The Heart of Libertarian Foreign Policy

As I write this,  protests continue to escalate in Hong Kong, protests widely described as “pro-democracy.”  At the same time there are also reports of a build up of Chinese People’s Liberation Army forced nearby.

What should the U.S. do?  Should we do nothing, say nothing, with a policy of total non-interference?   Should we make a show of military force, and send an aircraft carrier to the South China Sea?  Should we threaten economic sanctions if China reacts with force to restore order in their territory?

What is a libertarian to think?  Surely, libertarians support freedom?

I think the wisest perspective on this was offered by John Quincy Adams, in 1821, when he was Secretary of State.  In a speech honoring the 45th anniversary of the Declaration of Independence, Adams said:

Wherever the standard of freedom and Independence has been or shall be unfurled, there will her [America’s] heart, her benedictions and her prayers be. But she goes not abroad, in search of monsters to destroy. She is the well-wisher to the freedom and independence of all. She is the champion and vindicator only of her own. She will commend the general cause by the countenance of her voice, and the benignant sympathy of her example. She well knows that by once enlisting under other banners than her own, were they even the banners of foreign independence, she would involve herself beyond the power of extrication, in all the wars of interest and intrigue, of individual avarice, envy, and ambition, which assume the colors and usurp the standard of freedom. The fundamental maxims of her policy would insensibly change from liberty to force…. She might become the dictatress of the world. She would be no longer the ruler of her own spirit….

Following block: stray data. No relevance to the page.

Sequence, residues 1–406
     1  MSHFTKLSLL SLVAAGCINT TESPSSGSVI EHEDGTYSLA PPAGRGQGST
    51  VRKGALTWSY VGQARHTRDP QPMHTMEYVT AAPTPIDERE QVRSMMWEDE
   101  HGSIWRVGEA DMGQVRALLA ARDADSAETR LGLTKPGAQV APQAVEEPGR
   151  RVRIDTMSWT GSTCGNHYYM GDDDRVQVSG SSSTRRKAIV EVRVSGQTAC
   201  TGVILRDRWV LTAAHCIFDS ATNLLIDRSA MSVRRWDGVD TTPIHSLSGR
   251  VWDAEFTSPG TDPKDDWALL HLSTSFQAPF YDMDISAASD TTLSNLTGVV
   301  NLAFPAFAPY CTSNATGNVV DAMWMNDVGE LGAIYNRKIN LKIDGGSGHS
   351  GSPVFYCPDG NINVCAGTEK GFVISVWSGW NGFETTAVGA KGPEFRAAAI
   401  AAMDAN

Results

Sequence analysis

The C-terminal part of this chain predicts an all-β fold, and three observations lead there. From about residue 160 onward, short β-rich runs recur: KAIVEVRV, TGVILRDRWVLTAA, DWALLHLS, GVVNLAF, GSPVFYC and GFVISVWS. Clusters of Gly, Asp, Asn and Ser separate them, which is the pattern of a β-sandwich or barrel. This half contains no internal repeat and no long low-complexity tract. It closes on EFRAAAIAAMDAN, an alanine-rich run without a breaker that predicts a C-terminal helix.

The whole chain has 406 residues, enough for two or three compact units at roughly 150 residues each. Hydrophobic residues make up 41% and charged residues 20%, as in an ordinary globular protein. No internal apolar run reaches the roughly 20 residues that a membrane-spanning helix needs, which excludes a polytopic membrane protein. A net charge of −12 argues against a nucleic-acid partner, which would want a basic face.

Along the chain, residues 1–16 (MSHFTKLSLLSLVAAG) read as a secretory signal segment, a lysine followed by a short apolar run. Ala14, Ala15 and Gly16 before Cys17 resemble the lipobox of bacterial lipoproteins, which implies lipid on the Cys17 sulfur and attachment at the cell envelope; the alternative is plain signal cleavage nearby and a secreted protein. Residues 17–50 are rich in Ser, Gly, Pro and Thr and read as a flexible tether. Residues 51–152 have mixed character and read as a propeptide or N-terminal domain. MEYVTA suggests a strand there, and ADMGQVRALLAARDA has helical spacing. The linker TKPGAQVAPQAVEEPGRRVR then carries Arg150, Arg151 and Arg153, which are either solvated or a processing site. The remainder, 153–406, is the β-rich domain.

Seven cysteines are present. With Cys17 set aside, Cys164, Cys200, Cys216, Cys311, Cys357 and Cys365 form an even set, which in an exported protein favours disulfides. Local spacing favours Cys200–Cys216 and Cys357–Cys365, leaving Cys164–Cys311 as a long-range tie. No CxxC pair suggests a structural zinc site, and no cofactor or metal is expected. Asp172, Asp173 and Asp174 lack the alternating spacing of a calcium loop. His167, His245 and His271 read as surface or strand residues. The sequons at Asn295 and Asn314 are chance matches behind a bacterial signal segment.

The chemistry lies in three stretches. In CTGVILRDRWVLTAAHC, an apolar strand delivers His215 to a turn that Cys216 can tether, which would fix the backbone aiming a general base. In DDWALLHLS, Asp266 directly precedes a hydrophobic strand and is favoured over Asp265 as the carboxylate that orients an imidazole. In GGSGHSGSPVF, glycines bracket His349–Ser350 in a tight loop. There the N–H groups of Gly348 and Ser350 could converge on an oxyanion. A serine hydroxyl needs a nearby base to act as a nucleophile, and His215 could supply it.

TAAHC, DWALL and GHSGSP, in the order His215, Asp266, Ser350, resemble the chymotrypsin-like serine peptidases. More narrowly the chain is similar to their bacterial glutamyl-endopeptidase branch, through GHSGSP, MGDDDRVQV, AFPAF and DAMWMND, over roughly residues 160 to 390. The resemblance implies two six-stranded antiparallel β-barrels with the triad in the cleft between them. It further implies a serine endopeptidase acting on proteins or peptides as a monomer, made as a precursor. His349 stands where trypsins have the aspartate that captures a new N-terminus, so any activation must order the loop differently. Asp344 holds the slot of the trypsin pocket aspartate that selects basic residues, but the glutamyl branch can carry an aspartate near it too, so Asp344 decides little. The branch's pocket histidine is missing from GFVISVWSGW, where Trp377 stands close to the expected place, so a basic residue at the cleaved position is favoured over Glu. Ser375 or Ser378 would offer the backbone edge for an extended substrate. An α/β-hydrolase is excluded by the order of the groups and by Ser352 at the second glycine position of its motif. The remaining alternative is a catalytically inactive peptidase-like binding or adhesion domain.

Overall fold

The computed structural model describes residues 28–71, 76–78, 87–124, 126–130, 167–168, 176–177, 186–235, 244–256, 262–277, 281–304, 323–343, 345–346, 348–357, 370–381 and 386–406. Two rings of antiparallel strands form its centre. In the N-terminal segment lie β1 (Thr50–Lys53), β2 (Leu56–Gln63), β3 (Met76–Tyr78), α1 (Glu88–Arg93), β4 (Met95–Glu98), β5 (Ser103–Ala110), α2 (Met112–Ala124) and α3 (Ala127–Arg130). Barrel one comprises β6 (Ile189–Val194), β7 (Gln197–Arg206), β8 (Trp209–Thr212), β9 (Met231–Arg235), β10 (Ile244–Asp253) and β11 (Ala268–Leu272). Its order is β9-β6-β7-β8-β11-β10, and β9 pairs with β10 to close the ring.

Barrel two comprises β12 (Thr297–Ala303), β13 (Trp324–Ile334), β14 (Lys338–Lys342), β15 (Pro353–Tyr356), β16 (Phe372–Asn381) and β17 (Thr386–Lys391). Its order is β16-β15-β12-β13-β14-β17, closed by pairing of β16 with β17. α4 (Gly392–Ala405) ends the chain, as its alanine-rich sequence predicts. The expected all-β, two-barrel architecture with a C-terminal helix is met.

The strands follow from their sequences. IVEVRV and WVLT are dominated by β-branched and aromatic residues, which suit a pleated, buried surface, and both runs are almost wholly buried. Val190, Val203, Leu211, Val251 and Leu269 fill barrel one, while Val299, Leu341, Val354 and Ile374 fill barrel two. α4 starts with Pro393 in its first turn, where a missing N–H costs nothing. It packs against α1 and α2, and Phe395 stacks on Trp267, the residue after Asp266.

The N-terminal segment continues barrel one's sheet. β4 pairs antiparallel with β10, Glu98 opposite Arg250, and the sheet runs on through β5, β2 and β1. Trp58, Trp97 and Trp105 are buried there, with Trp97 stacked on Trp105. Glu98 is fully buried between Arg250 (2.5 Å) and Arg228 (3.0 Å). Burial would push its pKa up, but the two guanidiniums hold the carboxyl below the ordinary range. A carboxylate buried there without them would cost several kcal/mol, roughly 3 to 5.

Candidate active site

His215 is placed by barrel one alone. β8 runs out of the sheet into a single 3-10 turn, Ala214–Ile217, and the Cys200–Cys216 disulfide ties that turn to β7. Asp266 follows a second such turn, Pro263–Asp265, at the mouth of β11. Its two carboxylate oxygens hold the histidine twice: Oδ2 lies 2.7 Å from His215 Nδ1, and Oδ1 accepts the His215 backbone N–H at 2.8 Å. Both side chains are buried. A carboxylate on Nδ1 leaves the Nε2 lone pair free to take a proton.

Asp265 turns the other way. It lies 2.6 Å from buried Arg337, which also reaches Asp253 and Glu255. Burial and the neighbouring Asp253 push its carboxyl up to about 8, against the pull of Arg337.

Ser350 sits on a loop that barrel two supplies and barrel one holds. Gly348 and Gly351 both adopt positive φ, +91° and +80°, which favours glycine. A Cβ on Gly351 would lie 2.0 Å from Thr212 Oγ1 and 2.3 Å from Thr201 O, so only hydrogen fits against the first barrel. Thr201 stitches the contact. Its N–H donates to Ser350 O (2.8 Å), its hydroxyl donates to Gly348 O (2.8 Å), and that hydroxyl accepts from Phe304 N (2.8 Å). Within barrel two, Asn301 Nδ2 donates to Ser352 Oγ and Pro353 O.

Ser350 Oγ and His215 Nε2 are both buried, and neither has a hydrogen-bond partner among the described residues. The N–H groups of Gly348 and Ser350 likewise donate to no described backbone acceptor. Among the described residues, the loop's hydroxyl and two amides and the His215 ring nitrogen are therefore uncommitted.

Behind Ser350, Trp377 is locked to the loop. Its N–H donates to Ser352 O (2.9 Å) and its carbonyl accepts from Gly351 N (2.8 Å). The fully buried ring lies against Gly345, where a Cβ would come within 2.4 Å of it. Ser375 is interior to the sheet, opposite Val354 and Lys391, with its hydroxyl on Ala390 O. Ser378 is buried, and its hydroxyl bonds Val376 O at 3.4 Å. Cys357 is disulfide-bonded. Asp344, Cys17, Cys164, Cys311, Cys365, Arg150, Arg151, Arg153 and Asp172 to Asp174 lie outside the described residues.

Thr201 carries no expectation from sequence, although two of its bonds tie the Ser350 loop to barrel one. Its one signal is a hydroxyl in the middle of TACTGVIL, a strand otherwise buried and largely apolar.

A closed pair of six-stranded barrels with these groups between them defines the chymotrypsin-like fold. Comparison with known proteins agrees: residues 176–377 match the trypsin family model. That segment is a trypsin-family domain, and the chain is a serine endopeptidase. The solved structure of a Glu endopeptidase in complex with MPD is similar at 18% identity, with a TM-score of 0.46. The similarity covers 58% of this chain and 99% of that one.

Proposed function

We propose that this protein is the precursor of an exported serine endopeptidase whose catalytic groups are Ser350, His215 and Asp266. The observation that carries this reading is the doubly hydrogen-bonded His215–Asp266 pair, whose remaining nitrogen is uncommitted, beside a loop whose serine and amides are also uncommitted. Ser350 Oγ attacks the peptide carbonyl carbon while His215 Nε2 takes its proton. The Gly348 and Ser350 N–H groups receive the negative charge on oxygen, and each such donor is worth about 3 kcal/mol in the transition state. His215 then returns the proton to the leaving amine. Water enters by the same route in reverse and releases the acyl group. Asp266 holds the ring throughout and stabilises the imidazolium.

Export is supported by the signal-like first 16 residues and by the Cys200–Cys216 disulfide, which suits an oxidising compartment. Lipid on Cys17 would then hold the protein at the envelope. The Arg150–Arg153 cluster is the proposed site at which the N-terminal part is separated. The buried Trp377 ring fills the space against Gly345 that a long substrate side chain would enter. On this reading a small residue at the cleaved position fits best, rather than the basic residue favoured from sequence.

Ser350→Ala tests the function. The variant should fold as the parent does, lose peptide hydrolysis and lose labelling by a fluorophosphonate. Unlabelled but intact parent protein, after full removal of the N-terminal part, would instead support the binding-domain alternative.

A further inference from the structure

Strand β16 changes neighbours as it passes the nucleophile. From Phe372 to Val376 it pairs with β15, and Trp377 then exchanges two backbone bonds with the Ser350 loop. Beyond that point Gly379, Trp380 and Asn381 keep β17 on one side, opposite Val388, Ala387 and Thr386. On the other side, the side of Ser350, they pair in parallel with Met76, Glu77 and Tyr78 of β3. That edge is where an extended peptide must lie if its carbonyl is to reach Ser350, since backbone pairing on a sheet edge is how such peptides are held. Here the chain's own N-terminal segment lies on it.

At nearly 200 years old, this remains the heart of libertarian foreign policy.

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